Assuming that the child is under 18 years, or not in full time education, as a minimum he needs to pay you child support of 15% of his nett pay, and your combined assets will need to be split. Your combined assets are the house, the car(s), any savings, pensions etc.
After 9 years of marriage the general starting point would be a 50:50 split of the assets.
Depending on all sorts of factors about your and his income, who will be looking after the child etc etc, the split of assets may be 60:40, 70:30, 75:25 - who knows?
You need to post a bit more information before anyone can give you a better answer.
Value of house
Your and his income
Any savings or investments
Any outstanding loans, debts or other liabilities
Any pensions - you or him
How old is the child
Does the child have any special needs
You will be taken care of by the law. It is a tough time, and lots of people here have a lot of experience and will help you.
People involved in divorce proceedings almost always want to know on what basis the Courts divide up the matrimonial assets between husband and wife if the Courts have to decide the issue. Indeed, this is what is at the heart of most divorce cases. If there is a dispute it is more likely than not to be about money. In fact, the relevant principles are set out in Section 25 of the Matrimonial Causes Act 1973 which, essentially, reads:-
"25 (1) It shall be the duty of the court in deciding whether to exercise its powers .... to have regard to all the circumstances of the case including the following matters, that is to say -
the income, earning capacity, property and other financial resources which each of the parties to the marriage has or is likely to have in the foreseeable future;
(b) the financial needs, obligations and responsibilities which each of the parties to the marriage has or is likely to have in the foreseeable future;
(c) the standard of living enjoyed by the family before the breakdown of the marriage;
(d) the age of each party to the marriage and the duration of the marriage;
(e) any physical or mental disability of either of the parties to the marriage;
(f) the contributions made by each of the parties to the welfare of the family, including any contribution made by looking after the home or caring for the family;
(g) ...the value to either of the parties to the marriage of any benefit (for example, a pension) which ... (by reason of the divorce) ..that party will lose the chance of acquiring;..."
It should be emphasised that each case is different and that the rules are not mechanically applied. It takes knowledge of the decisions of the courts and experience to acquire a "feel" for the sort of decision which a court is likely to make in any particular case.
For that reason there is no really substitute for professional advice. The procedure by which financial issues (transfers of property, maintenance etc) are resolved within the context of divorce is known as "ancillary relief" and if there are any significant assets involved it is sensible to take sound legal advice about this hopefully when you have a picture of the extent of the assets.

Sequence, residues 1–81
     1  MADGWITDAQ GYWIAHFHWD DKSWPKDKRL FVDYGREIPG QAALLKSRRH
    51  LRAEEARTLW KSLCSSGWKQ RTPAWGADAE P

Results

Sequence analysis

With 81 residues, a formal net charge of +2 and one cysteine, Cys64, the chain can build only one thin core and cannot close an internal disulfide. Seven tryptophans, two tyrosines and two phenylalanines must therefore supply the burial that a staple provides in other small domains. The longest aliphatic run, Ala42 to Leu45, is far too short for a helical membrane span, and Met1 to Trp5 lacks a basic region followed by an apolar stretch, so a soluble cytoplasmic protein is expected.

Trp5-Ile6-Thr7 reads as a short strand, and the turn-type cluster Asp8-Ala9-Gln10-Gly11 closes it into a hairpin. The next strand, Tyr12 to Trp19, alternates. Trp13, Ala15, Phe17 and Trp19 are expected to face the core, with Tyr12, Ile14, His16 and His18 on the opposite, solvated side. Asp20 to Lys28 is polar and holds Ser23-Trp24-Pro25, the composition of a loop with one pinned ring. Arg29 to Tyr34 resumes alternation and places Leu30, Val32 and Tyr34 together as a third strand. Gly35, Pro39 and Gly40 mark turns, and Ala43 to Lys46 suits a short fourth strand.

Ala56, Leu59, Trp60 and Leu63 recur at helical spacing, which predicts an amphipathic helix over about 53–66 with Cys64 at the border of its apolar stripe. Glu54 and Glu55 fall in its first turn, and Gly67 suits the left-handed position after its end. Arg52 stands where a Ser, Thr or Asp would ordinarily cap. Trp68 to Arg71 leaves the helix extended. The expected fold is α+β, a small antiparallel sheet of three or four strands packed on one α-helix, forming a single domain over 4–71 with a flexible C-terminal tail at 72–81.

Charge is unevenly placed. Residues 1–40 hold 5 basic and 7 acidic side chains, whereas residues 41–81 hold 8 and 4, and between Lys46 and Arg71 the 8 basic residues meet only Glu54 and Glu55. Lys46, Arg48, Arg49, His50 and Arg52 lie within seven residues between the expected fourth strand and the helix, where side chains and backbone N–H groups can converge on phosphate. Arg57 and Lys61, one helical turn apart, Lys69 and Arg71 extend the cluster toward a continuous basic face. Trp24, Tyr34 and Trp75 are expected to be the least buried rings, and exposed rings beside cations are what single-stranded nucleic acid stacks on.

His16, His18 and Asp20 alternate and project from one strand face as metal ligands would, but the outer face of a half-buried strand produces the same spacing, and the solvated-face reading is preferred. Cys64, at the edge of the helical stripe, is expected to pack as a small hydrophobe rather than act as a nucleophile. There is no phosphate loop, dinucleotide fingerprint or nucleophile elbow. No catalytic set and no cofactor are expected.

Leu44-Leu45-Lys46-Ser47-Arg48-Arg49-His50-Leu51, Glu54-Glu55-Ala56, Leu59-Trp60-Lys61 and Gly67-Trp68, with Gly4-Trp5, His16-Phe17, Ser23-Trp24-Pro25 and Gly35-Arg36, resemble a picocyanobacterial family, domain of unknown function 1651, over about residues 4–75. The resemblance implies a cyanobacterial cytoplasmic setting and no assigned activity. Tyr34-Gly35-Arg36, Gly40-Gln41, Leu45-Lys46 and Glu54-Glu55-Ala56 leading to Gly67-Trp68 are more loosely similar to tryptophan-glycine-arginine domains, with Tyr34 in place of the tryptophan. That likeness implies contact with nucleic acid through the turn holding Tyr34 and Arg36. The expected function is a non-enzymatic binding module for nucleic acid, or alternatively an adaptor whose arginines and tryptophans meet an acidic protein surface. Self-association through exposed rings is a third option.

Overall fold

A layperson who has no experience of other divorce cases and who is personally involved in a divorce is always likely to seize upon the particular words of the above section which seem most favourable to his or her own case.
This is an entirely understandable phenomenon (and one to which lawyers themselves are as prone as anyone else when personally involved in divorce) but the court must always look at matters in the round.
Arriving at the the "right" answer in a given case is precisely why it is wiseto get professional expertise which could be say a 1 hour meeting with a solr for a fixed fee if costs are a concern.
If one takes the very common situation where, for example, a marriage has lasted ten years and there are young children it is quite likely that the wife and children will remain in the former matrimonial home and that the property may be transferred into the wife's sole name. The reason this happens is that the "needs" of the children to have a roof over their heads tend to outweigh most of the other factors.
There is no way of knowing this from a simple reading of the words of the section but that is very often what happens because any other options are very limited.
If the home is very large and there is lots of equity then a sale may be necc to house both parties.
He will argue a contribution re house owned before marriage but it is only 1 argument..."Needs" tends to outweigh those sort of issues.
Put simply the answer is YES. His form E should specify the other house as an asset and this will be offset by the joint liabilities. The starting point is 50:50 and this starts to move further into your favour giving your other responsibilities. IE number of children etc.
if the stbx is living with her new bloke in his house and me and the kids live in the FMH. if it is sold i cant afford to buy/rent anywhere else. there is only £25000 in equity so even if i get 100% i cant afford to live anywhere else as that amount of money wont last long when you are renting.i cant down size as i live in a small cheap house. i am basically on the bottom rung of the housing market.is my needs already met and are hers, she says hers isn't